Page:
The chassis member 2 has its forward part provided with a front frame 3 and 4, which is associated with pivoting means 10, 30, 33 adapted to be movable relative to the front frame 3, 4. The pivoting means 10, 30, 33 are in turn fitted essentially between a handlebar 9 and a front tire 6, whereby turning motions (indicated in FIG. 1B with reference character α1) of the handlebar 9 about a trunnion are transmitted during the course of driving (transportation of a weapon) to the front wheel 6 for steering the motorcycle 1. The front frame 3, 4 includes a connecting link 3, having its bottom end 3a and top end 3b bent laterally relative to the longitudinal axis of the chassis member 2, whereby the section remaining therebetween and extending substantially upwards from the chassis member 2 is located at a distance from the longitudinal axis of the chassis member 2. This distance is preferably about 20-50 centimeters. At the end of the upper lateral link 3b, in the same vertical plane with respect to the longitudinal axis of the chassis member 2, is mounted a bearing seat 4, whose structure and function will be described more specifically hereinbelow. The pivoting means 10, 30, 33 in turn include a front fork 33 associated with the front tire 6. The front fork 33 has a substantially upward-pointing extension in the form of a second connecting link 30, which is connected at its bottom portion 30a to the chassis 2 by way of a bearing 31. By its top portion 30b, the connecting link 30 is in contact with an articulated shaft 20, 21 (see FIG. 3), which is extended through the bearing seat 4 and constitutes part of a connecting mechanism 10 included in the pivoting means. The structure and function of the connecting mechanism in one preferred embodiment will also be described more specifically hereinbelow.

The second connecting link 30 has its bottom and top ends 30a and 30b bent in a lateral direction the same way as the connecting link 3 included in the front frame 3, 4, but in the opposite direction. Thus, the area between the chassis member 2 and the bearing seat 4, as well as between the connecting links 3 and 30, constitutes an opening, i.e. a vacant space. This enables a relatively large weapon 70 to be brought through the opening, with some horizontal and vertical clearance still left for directing the weapon. The weapon can have its rear portion set on its mounting 60 fitted within a space 2′ provided in front of the seat 7. The weapon 70 can have its rear portion preferably raised or lowered in a substantially vertical direction by means of a lifting cylinder or the like hoisting device included in the mounting. The weapon 70 has its forepart positioned forward of the motorcycle 1.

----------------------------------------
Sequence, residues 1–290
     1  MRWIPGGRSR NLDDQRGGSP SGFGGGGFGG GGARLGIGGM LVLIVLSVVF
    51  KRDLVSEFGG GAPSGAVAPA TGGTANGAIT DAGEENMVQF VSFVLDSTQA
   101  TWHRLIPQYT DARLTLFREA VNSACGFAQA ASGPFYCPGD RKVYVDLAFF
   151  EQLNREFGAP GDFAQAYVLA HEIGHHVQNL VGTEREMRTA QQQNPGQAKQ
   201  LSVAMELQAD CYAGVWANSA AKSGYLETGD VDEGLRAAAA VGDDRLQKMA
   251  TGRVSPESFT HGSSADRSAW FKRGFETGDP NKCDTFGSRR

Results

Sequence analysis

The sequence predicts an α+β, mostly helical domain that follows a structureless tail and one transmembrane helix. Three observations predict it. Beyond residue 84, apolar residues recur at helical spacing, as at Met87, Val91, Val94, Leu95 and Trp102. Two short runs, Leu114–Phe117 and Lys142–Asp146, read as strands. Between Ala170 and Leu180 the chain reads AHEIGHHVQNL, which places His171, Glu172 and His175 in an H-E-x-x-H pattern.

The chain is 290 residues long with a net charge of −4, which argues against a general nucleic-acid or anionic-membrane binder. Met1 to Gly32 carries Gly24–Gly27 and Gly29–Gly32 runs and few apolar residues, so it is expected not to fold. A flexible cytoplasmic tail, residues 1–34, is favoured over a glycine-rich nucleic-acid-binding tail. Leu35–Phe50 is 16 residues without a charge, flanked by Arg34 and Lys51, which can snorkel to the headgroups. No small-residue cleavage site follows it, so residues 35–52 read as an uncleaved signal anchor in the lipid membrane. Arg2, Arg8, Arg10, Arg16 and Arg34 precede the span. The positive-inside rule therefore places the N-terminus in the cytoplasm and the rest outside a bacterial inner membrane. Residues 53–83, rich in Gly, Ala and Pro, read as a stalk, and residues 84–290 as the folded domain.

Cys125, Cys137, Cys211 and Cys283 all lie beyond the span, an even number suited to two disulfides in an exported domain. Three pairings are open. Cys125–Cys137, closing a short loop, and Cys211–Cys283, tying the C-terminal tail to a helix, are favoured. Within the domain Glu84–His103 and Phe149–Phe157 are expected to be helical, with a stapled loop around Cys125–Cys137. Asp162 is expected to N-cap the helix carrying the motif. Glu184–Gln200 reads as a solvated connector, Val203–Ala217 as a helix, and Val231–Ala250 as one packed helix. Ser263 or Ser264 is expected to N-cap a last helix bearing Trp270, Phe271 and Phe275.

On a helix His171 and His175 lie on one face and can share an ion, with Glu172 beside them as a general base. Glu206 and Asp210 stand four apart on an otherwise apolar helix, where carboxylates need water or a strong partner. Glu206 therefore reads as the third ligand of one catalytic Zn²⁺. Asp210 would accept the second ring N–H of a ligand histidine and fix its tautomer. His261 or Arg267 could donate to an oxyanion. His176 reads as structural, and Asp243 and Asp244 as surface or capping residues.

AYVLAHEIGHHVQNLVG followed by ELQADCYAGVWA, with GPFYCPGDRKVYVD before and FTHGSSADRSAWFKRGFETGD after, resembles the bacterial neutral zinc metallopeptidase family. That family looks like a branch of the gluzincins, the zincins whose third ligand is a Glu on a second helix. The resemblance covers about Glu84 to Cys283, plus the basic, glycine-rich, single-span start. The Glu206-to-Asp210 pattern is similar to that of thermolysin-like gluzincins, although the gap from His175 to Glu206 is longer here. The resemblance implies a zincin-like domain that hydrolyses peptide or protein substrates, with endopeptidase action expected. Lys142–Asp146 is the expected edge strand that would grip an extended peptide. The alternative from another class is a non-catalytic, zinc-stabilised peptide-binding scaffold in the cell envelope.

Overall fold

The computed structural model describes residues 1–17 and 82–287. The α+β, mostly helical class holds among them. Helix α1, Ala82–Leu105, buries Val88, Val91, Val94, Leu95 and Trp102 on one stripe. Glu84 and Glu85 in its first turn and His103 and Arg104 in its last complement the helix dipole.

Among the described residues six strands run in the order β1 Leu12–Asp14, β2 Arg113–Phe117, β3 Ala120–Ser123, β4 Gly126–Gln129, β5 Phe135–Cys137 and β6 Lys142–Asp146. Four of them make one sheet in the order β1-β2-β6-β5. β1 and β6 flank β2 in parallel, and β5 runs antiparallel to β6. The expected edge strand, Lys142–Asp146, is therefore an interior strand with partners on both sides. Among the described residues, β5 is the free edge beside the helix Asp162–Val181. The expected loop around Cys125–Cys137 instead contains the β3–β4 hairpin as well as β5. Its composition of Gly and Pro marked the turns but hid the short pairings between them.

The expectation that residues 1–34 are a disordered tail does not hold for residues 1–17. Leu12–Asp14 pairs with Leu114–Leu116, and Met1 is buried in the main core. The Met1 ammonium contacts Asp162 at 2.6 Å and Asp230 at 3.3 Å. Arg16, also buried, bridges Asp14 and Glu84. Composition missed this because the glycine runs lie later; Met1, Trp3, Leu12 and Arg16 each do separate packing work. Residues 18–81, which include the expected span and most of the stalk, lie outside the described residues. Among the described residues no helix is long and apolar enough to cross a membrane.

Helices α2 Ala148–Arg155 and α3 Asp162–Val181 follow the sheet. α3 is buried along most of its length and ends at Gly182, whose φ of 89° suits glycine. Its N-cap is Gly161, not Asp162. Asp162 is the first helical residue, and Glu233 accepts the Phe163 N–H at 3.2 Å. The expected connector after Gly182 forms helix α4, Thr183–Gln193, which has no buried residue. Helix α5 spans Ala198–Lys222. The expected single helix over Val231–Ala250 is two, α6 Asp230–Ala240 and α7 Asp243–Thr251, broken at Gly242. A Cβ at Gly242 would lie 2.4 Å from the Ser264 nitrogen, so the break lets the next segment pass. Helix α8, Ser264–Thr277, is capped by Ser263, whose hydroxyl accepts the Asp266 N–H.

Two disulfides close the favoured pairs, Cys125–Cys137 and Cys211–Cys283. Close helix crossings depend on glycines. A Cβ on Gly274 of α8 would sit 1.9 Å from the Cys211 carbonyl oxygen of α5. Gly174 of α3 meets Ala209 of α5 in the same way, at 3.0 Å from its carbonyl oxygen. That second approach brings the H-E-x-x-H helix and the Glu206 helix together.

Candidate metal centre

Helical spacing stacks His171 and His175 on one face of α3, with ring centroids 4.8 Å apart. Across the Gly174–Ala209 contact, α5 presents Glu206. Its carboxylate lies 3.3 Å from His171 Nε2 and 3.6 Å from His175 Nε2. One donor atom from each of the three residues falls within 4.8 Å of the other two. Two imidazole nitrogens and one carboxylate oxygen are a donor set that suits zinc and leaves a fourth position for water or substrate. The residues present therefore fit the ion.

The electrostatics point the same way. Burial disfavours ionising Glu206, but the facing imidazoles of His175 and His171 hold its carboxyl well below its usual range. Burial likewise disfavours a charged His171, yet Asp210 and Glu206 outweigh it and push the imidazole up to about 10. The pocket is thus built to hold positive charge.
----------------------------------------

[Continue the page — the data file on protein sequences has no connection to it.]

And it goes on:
For this purpose, the weapon 70 is suspended at a location forward of the handlebar 9 by means of suspension elements 40, 50 linked to the connecting mechanism 10. According to one preferred embodiment, a tank 8 can be mounted for example on top of the chassis member 2, whereby the weapon 70 can have its rear portion extended through an opening left between the seat 7 and the rear tire 5.

The structure and collaboration of the connecting mechanism 10, the bearing seat 4, and the bracket elements 40 can be appreciated by examining FIGS. 2-4. The connecting mechanism 10 comprises two opposite, spaced-apart flat type base elements 10a and 10b. Between the base elements 10a and 10b, at the end closer to the handlebar 9, is fitted an elongated crossbar 11, having a trunnion 9b for the handlebar 9 passed therethrough and bearing-mounted for rotation around its rotation axis A by means of a bearing 11a fitted on the crossbar 11. Further, between the base elements 10 and 10b, at the other end relative to the handlebar 9, is fitted an annular bracing element 18, having the base elements pivotably attached thereto by means of bearings 18a and 18b mounted on the bracing element 18. Consequently, the entire connecting mechanism 10 can be pivoted by turning manually the handlebar 9 about a second pivot axis B extending through the bearings 18a and 18b. In addition, between a bush-like top portion of the bearing seat 4 and the bracing element 18 is provided a bearing 19, which enables swivelling the bracing element 18 and the connecting mechanism 10 associated therewith about the rotation axis A.